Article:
No one would consider Judith Newman's domestic life normal. She and her husband keep separate apartments - his filled with twin grand pianos, as befits a former opera singer, hers packed with the clutter and chaos of twin adolescent boys conceived late in life. And one of those boys is Gus, her sweet, complicated, autistic 13-year-old.
With honesty and humour, To Siri, with Love chronicles one year in the life of Gus and the family around him - a family with the same crazy ups and downs as any other. And at the heart of the book lies Gus' passionate friendship with Siri, Apple's 'intelligent personal assistant'. Unlike her human counterparts, Siri always has the right answers to Gus' incessant stream of questions about the intricacies of national rail schedules or box turtle varieties, and she never runs out of patience. She always makes sure Gus enunciates and even teaches him manners by way of her warm yet polite tone and her programmed insistence on civility.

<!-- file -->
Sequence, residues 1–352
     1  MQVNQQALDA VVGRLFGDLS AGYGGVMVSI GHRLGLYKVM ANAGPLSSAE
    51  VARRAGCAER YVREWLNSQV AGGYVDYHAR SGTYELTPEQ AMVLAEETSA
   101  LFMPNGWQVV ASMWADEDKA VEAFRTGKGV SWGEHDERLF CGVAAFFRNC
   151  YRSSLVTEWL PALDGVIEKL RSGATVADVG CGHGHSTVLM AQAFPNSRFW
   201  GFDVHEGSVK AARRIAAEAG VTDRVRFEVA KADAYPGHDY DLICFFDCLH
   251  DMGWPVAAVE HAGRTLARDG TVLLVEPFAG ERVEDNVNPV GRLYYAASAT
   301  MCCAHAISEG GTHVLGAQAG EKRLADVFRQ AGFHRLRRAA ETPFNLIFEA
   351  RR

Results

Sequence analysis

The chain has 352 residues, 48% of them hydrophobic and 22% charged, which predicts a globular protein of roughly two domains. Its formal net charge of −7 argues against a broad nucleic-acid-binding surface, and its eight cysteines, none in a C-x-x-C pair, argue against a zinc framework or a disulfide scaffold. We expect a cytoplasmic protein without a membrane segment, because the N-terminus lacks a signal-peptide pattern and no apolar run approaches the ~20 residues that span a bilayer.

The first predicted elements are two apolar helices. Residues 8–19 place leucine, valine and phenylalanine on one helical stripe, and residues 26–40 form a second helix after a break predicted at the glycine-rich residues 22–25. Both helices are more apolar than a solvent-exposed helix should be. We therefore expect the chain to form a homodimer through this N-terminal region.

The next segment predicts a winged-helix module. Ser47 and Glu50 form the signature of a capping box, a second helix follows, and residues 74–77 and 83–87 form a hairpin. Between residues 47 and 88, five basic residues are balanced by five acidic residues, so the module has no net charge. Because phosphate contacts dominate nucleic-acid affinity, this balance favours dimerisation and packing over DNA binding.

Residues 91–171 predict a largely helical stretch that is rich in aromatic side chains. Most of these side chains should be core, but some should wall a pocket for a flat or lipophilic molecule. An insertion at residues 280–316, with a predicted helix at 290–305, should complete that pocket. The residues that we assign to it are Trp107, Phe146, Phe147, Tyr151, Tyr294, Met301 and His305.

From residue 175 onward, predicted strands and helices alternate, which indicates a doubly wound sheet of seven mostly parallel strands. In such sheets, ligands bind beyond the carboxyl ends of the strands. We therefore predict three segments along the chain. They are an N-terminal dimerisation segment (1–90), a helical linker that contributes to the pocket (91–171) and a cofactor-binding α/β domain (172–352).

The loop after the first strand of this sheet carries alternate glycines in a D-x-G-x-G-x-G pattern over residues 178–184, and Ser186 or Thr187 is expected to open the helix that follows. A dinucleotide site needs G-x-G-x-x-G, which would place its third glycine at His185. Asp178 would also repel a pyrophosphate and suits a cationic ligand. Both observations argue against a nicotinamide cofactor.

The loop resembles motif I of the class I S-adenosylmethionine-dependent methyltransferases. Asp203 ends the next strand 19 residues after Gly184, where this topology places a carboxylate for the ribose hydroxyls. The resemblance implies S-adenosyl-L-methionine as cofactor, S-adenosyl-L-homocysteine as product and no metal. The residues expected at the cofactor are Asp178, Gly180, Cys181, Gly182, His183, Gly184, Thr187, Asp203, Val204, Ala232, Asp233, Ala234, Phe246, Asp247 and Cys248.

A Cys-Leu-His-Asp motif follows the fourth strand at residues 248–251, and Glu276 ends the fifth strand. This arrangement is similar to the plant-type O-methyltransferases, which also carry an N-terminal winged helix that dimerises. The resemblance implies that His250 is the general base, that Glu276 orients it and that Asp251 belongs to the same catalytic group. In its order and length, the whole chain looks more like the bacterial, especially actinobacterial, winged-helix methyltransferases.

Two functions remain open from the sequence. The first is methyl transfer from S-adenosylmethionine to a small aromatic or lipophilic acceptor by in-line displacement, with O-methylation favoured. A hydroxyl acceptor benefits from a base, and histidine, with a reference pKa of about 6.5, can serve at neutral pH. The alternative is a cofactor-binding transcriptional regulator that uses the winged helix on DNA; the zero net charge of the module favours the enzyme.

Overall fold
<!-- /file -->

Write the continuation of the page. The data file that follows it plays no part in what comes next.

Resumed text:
Equal parts funny and touching, this is a book that will make your heart brim and then break it. Warm, wise and always honest, Judith Newman shows us a new world where artificial intelligence is beginning to meet emotional intelligence - a world that will shape our children in ways both wonderful and unexpected.
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I throughly enjoyed the open frankness and honestly of Gus’s story. Enlightening and entertaining. I feel I have a much better understanding of Autism after this.
Never mind the boycott
It gave me better understanding of autism and the difficulties of a mother who loves her autistic son. The author (mother) has a dry sense of humor and self irony that feels sincere. The love for her son shines through the whole story and though it mentions her worries about her son having future sex life and potential children, it doesn't feel that it is anything else than genuine worries of a mother that loves her son. I have noticed that there is a twitter mob that argues that the book should be boycotted because it doesn't respect people with autism. I found that critique misplaced and one sided as if written by someone who does not have the ability to see the finer point of human empathy.